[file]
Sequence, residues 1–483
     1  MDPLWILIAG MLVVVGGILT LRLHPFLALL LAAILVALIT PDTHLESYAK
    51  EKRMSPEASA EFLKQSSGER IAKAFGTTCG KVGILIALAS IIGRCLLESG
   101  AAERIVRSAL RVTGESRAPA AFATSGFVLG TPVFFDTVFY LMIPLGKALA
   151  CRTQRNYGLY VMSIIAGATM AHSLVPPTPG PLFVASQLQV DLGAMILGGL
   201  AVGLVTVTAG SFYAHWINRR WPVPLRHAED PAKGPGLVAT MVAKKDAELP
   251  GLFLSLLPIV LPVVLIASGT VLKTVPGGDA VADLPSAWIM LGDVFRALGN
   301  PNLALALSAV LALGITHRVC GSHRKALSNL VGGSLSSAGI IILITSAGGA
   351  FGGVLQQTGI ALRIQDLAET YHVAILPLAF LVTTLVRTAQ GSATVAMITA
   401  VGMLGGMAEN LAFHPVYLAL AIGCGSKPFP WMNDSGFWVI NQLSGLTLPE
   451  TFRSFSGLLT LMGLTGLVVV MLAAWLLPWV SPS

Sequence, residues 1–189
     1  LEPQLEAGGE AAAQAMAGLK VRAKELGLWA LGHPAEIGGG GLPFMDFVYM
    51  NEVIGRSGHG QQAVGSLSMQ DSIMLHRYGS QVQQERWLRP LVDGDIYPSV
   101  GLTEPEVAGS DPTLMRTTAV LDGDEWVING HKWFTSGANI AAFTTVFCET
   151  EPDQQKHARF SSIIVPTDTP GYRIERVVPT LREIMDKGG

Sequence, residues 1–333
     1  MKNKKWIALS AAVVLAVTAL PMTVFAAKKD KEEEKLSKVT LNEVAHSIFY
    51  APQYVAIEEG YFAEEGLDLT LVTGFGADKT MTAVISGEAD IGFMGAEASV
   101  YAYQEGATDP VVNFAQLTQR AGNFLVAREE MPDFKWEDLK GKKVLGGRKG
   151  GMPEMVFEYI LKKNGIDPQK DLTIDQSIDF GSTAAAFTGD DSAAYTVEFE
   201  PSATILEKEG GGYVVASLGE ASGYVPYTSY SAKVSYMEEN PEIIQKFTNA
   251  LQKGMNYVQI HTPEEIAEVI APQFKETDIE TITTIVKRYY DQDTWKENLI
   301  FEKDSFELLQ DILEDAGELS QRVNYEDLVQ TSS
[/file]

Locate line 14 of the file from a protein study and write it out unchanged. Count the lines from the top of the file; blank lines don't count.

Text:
    51  NEVIGRSGHG QQAVGSLSMQ DSIMLHRYGS QVQQERWLRP LVDGDIYPSV